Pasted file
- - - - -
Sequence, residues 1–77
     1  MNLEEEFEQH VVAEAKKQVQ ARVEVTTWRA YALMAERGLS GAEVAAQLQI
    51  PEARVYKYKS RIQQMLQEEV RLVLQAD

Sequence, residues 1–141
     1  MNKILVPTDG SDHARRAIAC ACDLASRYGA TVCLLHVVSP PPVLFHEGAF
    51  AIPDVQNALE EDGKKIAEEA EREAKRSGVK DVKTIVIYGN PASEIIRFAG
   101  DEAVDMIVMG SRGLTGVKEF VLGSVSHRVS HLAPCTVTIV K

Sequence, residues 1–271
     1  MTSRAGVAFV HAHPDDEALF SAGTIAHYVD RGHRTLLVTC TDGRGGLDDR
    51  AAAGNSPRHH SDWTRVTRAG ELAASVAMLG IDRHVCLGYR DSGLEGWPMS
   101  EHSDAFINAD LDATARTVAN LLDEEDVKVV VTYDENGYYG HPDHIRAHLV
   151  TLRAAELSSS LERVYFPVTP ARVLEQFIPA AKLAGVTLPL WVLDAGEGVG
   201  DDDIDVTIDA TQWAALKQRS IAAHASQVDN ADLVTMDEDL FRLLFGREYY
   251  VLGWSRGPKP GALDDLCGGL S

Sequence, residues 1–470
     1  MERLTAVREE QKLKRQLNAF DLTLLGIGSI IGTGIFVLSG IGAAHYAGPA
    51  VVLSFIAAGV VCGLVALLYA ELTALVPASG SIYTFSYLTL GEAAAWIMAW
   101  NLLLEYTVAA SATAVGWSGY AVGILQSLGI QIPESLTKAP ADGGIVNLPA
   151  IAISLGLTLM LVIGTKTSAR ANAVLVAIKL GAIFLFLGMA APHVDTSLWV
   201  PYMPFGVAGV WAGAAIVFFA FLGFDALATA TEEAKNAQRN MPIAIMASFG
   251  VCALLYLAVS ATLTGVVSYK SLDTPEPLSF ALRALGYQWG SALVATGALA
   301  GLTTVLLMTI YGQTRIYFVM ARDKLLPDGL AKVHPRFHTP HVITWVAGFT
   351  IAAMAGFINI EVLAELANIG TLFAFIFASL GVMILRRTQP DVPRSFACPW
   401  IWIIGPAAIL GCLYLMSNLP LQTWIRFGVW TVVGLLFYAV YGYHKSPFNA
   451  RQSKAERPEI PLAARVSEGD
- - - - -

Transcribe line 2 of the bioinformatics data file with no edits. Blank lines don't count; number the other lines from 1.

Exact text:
     1  MNLEEEFEQH VVAEAKKQVQ ARVEVTTWRA YALMAERGLS GAEVAAQLQI